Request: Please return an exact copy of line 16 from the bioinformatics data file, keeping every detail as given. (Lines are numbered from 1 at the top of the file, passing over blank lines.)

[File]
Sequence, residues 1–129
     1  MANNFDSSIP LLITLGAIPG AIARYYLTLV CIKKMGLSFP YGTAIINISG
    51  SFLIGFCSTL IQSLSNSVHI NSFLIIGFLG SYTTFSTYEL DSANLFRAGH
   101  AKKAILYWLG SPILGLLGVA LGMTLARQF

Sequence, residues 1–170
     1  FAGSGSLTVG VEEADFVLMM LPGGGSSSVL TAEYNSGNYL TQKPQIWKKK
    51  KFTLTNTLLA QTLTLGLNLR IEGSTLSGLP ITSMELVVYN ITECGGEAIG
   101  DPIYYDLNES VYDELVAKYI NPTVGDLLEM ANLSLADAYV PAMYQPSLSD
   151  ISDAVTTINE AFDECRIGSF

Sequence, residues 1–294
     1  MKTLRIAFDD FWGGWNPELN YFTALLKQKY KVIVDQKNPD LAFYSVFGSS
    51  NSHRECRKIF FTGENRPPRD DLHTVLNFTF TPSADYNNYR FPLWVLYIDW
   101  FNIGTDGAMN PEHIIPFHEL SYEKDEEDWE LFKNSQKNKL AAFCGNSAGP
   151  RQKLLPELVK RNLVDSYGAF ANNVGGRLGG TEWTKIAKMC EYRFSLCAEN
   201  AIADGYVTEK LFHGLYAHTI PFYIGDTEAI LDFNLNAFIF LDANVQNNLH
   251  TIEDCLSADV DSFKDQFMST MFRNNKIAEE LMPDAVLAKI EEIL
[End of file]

   251  TIEDCLSADV DSFKDQFMST MFRNNKIAEE LMPDAVLAKI EEIL